Vilnius – what a magically strange place it is.
I was initially drawn to that part of the Baltics because of the archaic language and the role it played in the reconstruction of Proto-Indo European, the alleged ancestor of all Indo-European languages. Then there was the rich and equally dark history, the food, and the people. I often find myself attracted to cultures and cities that are earthy, absurd, and intense because I feel that is the very basic nature of existence.
Think of Vilnius like Disneyland, if Stanley Kubrick had been the creative director of that rodeo.
I’d recently gone through heartbreak and was in need of a vacation. I was broke and plane tickets were $25, so why not go?
I am an attractive, young Asian-American living in Gothenburg, Sweden. Naturally, I sat at the airport with some trepidation, as I was the only person sitting at that terminal who was not of European extraction.
There were some stares from native Lithuanians (many live in Sweden). A lot of nonchalance from the Swedes going there for the weekend to indulge in (what I assume to be) the promise of cheap beer and beautiful women who would prefer not to get involved with their fellow countrymen.
The flight was roughly one hour and twenty minutes. I found myself arriving to the airport in Vilnius earlier than expected. I headed to the smoking box to have a long-awaited cigarette and found myself surrounded by men of all ages.
I was literally the only woman in that box and I tried my best to remember what my friend, Aurimas, said.
“If they stare, it’s because of your beauty and not because of your ethnicity. You will be fine.”
He was absolutely correct.
A kind gentleman named Vytautas offered to pick me up from the airport to hinder any chance of a cab driver swindling me out of my not-so-hard-earned money. When he dropped me off at my rented apartment in Senamiestis, I offered a twenty. He politely declined and said the pleasure was all his.
Later that evening, I met up with a couple friends from Gothenburg who also happened to be in Vilnius that weekend.
It was a culture shock after living in Sweden for so long.
In Sweden, strangers rarely talk to you for the sake of making small talk, much less approach women they don’t know to invite them for a date. It wasn’t until I moved to Vilnius that I learned the difference between “polite” and “friendly;” Swedes are wholly reserved and make a conscious effort to not offend anyone, but I would not describe them as friendly. On the other hand, Lithuanians are quite direct and very open, but also friendly and certainly more approachable than the average Swede.
I was admittedly a little overwhelmed by the social attention, but I would be lying if I said I wasn’t a little flattered.
The rest of the night went by so fast because we were having so much fun among ourselves and with the locals we met. It was a bit of a blur going from pub to pub, stomachs full of starchy potatoes fried in potato dough, then witnessing a burly bouncer physically ejecting a patron from a bar as our denouement.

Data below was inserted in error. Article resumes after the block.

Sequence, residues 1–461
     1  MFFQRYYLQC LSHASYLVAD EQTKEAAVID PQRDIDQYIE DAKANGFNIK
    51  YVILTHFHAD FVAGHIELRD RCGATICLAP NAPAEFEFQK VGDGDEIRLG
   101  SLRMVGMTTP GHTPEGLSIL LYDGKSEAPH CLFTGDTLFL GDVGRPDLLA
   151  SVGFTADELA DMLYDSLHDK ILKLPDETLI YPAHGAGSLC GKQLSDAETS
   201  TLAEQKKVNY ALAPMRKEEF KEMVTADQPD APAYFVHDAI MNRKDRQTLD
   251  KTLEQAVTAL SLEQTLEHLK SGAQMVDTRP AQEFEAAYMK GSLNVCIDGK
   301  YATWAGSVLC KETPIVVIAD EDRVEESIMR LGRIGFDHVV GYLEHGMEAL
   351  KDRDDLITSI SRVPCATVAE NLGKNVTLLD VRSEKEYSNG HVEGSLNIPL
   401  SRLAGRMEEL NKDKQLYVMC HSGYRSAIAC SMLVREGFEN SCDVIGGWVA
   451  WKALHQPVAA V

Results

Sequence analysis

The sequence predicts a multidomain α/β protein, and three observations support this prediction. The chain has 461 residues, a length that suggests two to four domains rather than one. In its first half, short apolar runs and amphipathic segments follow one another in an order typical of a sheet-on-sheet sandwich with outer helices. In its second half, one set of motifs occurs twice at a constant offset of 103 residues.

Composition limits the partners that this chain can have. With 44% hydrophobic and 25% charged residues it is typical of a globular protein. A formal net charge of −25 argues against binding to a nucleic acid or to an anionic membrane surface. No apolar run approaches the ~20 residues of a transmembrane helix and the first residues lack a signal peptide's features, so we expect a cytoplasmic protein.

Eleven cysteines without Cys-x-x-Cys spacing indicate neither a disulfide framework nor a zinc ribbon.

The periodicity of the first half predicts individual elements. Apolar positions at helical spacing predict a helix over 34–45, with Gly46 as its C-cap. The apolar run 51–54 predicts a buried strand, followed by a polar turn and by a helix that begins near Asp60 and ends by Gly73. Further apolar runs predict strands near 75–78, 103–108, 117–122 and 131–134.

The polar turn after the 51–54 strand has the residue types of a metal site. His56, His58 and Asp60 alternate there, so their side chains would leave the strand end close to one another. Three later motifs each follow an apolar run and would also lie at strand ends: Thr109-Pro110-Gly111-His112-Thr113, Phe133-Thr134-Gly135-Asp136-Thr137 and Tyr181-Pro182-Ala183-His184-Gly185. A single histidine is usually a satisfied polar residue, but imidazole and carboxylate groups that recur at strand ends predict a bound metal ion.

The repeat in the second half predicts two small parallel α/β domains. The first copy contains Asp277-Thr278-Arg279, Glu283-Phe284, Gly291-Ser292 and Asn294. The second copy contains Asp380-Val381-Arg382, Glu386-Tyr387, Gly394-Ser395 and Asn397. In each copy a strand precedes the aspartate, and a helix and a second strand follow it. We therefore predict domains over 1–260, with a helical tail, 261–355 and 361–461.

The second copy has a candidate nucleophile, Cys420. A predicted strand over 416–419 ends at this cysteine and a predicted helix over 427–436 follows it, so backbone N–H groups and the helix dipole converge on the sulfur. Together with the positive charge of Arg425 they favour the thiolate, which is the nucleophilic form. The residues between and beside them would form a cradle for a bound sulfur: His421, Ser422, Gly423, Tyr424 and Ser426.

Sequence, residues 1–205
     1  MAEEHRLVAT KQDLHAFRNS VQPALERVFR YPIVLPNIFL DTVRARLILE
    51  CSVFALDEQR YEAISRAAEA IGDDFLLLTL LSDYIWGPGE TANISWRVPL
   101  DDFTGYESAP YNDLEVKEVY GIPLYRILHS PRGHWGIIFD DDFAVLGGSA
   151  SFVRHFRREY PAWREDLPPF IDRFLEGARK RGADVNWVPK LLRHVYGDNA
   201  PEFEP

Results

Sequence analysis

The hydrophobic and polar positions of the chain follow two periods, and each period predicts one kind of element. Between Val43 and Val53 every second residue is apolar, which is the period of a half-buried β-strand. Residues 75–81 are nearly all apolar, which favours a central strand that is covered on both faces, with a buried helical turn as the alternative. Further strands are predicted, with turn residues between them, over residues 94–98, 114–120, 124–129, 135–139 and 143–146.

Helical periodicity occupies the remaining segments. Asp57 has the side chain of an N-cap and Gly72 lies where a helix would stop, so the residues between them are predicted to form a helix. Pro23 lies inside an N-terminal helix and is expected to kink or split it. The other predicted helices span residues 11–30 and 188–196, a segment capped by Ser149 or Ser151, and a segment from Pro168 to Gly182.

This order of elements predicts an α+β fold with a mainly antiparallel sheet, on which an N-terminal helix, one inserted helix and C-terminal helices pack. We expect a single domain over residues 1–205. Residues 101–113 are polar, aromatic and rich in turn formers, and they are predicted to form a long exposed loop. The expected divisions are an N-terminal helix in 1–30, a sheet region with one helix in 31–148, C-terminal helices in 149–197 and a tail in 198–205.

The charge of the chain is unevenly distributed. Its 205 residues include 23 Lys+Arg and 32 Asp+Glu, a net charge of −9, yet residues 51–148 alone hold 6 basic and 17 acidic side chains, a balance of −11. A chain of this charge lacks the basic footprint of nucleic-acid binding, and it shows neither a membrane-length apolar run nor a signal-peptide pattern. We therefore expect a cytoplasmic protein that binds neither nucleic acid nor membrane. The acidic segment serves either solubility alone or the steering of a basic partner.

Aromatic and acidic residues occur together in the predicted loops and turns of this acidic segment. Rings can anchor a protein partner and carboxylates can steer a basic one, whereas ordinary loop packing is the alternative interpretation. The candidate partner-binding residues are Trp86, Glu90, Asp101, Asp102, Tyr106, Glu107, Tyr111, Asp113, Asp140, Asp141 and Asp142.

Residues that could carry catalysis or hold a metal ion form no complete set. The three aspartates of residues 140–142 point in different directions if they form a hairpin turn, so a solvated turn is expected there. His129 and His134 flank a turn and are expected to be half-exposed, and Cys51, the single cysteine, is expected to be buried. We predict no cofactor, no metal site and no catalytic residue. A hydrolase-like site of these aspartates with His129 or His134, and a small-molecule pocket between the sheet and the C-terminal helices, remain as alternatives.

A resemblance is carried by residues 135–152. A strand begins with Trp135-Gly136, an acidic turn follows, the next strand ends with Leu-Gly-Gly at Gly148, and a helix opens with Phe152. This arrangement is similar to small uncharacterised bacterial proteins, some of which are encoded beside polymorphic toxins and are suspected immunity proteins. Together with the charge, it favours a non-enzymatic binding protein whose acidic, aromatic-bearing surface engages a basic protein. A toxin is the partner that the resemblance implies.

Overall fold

The rest of the week, when I wasn’t working, was spent exploring the city on foot, soaking up the bizarre yet beautiful contrast of a city both gritty and reconstructed. Remnants of defaced buildings, signs in Yiddish, etched Star of Davids, and communist-era architecture haunted Vilnius, as if to ensure none of the inhabitants would forget its Soviet and Nazi past.
The past no one really talks about.
The rest of my days were filled with drinking iced coffee at any Caif Café I could find (the Baltic Starbucks – good stuff!), stuffing my face full of the dreamy honey cake, smoking cigarettes in the muggy humidity on my balcony, walking alongside and pouring drinks with the locals I happened to meet, shaking hands, stepping on the tip of my toes so that my lips could meet the lips of boys, pantomiming and pointing at pictures on restaurant menus, zigzagging through museums, hugging strangers, in the refreshing company of men who are both passionate and intense, and listening to elderly locals narrate in Russian and Lithuanian their own war stories.
I’ve been to a lot of places, but I’d never felt more in love with a city and never felt more heartbroken to leave one.
My name is Annika and I am the resident expert on Vilnius.
P.S. For all you single ladies who like insanely tall, handsome old-fashioned gentlemen, I highly advise you to take a trip to Vilnius.
About Annika: Annika is a native of Los Angeles, California now living in Gothenburg, Sweden. Working as a technical writer in the gaming industry, in her spare time, she enjoys cooking, video games, and sleeping. You can find her on Instagram as @travelingwhilekhmer.